2 Early People in the Central American Land Bridge These tools are the main record of people's movement and settlement. Ancient people at this time made their tools, by hand, out of stone. Later, they used obsidian, which is a dark glass formed in volcanoes. They made small hand axes, arrowheads and spearheads by knapping. Knapping is when you hit one stone with another to break off little pieces. Slowly, you can shape the stone however you want. When certain stones (like obsidian or flint) break, they leave very sharp edges, which can be used to cut. Archaeologists don't find evidence of these tools very often. When so much time passes, natural things like rain, dirt and trees destroy and bury them. Scientists also think the oceans were lower back then. This means there once was more land that is now underwater. Probably there is more evidence of people living in the area under the sea off the coasts of Costa Rica and Panama. It is hard to tell when people stopped traveling along the land bridge and began living there. One clue is when people began farming. On the land bridge, this was around 9,000 and 7,000 BC. In Panama, scientists have found evidence that people were growing bottle gourds, squash, and a few other things around that time. These would be in small gardens, not big farms. People weren't eating just the plants they grew at this time. They would gather fruits and nuts from the forest, hunt deer, fish for crabs and fish, and eat from their gardens. Archaeologists now think that some forests were actually farms too, which makes it harder to determine when hunting and gathering stopped. Places we once thought were wild were perhaps maintained by ancient people. This would be like an apple orchard. It looks like a forest, but has actually been planted and taken care of by humans you wouldn't know it was a farm for apples unless you looked more closely. The same thing probably happened on the Central American land bridge and elsewhere. Slowly, people built more permanent houses on the land bridge. The first small village archaeologists have found is in Costa Rica, in a place called Tronadora Vieja. There are round pole and thatch houses, which are simple huts made out of long tree branches covered in leaves and grasses. These houses date to 3,800 BC and were destroyed when a nearby volcano exploded and buried them in ash. Scientists also found the earliest maize kernels on the land bridge, as well as metates. Metates are small stone tables used to grind maize into powder. This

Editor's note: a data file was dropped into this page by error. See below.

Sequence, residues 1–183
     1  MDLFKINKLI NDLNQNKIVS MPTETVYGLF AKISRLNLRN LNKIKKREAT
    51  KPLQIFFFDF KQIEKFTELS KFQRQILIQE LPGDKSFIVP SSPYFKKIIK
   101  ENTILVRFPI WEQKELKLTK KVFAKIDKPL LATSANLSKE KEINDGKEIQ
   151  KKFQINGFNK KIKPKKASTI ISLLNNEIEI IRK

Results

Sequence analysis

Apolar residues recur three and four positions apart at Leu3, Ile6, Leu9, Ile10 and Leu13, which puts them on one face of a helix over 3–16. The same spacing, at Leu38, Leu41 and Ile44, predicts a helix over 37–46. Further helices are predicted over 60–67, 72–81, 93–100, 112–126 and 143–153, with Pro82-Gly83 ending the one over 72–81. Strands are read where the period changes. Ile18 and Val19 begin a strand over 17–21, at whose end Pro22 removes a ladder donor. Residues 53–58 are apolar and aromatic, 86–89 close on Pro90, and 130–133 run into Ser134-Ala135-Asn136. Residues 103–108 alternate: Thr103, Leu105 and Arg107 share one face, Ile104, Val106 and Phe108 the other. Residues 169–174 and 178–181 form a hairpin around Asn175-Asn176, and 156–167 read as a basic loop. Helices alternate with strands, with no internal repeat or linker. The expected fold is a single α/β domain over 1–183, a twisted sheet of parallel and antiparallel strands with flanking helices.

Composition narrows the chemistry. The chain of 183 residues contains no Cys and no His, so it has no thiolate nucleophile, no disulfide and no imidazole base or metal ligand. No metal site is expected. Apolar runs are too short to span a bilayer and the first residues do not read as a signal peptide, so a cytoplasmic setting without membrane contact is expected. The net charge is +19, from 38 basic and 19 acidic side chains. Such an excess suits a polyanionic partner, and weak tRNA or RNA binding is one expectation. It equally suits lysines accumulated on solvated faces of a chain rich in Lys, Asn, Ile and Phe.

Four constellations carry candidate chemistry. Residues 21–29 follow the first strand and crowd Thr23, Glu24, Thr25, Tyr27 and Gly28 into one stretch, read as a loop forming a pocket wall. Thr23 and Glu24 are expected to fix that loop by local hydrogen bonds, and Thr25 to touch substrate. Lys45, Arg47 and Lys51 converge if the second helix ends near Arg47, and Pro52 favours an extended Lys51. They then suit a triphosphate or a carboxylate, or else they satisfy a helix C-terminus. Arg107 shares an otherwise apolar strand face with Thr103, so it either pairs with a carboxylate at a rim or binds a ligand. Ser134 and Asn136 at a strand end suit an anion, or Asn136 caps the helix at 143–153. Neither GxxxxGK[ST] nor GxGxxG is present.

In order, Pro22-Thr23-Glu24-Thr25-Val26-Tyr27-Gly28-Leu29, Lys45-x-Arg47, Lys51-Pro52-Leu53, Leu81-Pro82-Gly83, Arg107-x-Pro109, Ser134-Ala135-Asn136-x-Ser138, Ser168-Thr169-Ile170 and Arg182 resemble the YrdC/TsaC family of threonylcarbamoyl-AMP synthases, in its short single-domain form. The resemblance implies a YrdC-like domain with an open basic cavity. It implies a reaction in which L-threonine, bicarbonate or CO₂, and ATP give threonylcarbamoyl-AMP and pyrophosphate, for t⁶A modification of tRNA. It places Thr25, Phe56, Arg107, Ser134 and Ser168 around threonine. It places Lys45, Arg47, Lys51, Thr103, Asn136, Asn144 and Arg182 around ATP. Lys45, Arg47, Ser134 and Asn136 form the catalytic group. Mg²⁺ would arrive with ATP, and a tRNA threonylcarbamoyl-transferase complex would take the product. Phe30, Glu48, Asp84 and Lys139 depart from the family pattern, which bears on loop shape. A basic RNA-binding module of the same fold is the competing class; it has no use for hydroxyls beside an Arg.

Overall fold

3 Early People in the Central American Land Bridge was used in cooking and baking, like flour. Nearby at Laguna Zoncho, archaeologists found a bigger village, with more houses and farms. People started living here after Tronadora Vieja, around 3,240 BC. People were still hunting and gathering at this time, though. Why did some people settle down to farm and some people continue moving around? There are lots of ideas, but on the land bridge, archaeologists think it had to do with the amount of rain and water in the area. Places that had less water made it harder for the forests to remain full of fruits and animals. So in these dry areas, people started to farm more, build houses and stay put. So some groups kept hunting and gathering while others were starting to build and farm. Archaeologists are still studying this part of the world. Hopefully in the years to come, we can find out more about how ancient people lived on the Central American land bridge.